A myopic govt that is penny wise…
That Automatic Teller Machines (ATM) in the country had dried up was yesterday’s news. The news today is that that the banks themselves have become...
That Automatic Teller Machines (ATM) in the country had dried up was yesterday’s news. The news today is that that the banks themselves have become cashless.
For some time after the introduction of the demonetisation programme, there was a limit on the amount a person could draw in a week’s duration. At one point of time, we were told that the crisis was over.
Again now, the banks are telling the customers that, no matter what the acuteness of their need, there is simply no cash available. At best, the banks say, that an amount of ₹ 2,000 can be drawn every day from the POS (Point of Sale) machines at business outlets. But then, in these days, how far will ₹ 2,000 take a person?
Somebody asked a bright question, indeed. As customers we are told that the failure to maintain a minimum balance in our bank accounts will entail a penal levy. Then, why cannot such a penalty be levied on banks when they do not permit us to draw a certain minimum amount of cash?
The Chairman of the State Bank of India claims that, of the 2.2 lakh ATMs in the country, 86% are in working order. What he appears not to be revealing is the fact that there is no cash inside those machines! All that a customer can hope to do is to conduct some ‘balance enquiry’ or perform an operation like a ‘pin change.’ By definition, an ATM is duty-bound to deliver cash.
That is its primary responsibility. To date all the ATMs in the country put together have delivered 2 to 2.4 lakh crore rupees to customers. It is after the introduction of demonetisation that these machines lost their value, as most of them were not modified to respond to the requirements of the new situation. For example, out of the 9,000 ATMs in Telangana state, nearly 40% are not being loaded with cash. 20% are being loaded once in a week.
The remaining 40% alone are being loaded to the requisite level. Even the ATM industry association has admitted that, on the whole, in the country, there is a significant drop of 30% in the cash being loaded into the ATMs.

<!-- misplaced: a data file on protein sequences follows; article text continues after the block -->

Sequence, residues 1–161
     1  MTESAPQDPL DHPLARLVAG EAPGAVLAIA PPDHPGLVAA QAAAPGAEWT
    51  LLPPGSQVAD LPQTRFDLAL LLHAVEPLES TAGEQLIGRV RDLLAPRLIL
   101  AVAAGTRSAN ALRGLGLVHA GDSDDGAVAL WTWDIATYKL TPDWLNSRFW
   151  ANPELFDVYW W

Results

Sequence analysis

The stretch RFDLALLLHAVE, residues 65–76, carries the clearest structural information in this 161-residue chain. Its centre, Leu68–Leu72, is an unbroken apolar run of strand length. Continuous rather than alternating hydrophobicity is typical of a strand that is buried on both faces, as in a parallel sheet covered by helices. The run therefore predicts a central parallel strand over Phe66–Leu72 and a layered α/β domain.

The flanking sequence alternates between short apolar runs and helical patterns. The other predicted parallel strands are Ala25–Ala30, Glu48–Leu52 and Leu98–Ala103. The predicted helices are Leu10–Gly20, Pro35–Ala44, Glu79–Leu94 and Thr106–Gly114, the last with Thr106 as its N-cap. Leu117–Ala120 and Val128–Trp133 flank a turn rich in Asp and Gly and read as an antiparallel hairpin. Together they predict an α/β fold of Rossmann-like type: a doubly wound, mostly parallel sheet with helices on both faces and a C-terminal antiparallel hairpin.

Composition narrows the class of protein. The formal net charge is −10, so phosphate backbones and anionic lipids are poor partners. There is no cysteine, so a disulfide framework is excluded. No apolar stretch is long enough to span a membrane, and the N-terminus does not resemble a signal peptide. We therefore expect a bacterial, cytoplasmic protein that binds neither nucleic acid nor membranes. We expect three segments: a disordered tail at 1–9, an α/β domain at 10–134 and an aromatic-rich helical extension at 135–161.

When one questions about the reason for the current situation, the reply given is that it is on account of the imminent elections in Karnataka and the two Telugu states. It is alleged that political leaders are making massive cash withdrawals to hoard money and that the entire fault is theirs. Curiously enough, there is a similar shortage of cash in Rajasthan and Madhya Pradesh states where, also, elections are due shortly. But, then, elections have occurred in the past too, have they not? Why should this inconvenience arise only now and not in the past?
And, in any case, do all parties distribute only cash during directions? After all, it is not unknown that things like arrack, cricket-kits, silver were and pulses etc., are also distributed to attract the voters. And in UP, at the time of elections, cash was freely available. Not only then, but even when the whole country was experiencing acute distress on account of the shortage of currency, it was ensured that UP was spared that problem. And now Maharashtra, Gujarat and Bihar are also experiencing the shortage.
Recently a video went viral, in which currency notes are raining upon a singer. And in Tamil Nadu a deity’s idol was worshipped with a garland of currency notes, a video of which also is doing the rounds.
The situation is as if those who are lucky can access cash and those who are not are denied. Even at the most difficult times in the aftermath of the demonetization, no well-to-do person was seen in any of the queues for currency. Bundles of notes appeared in their houses, as if by magic!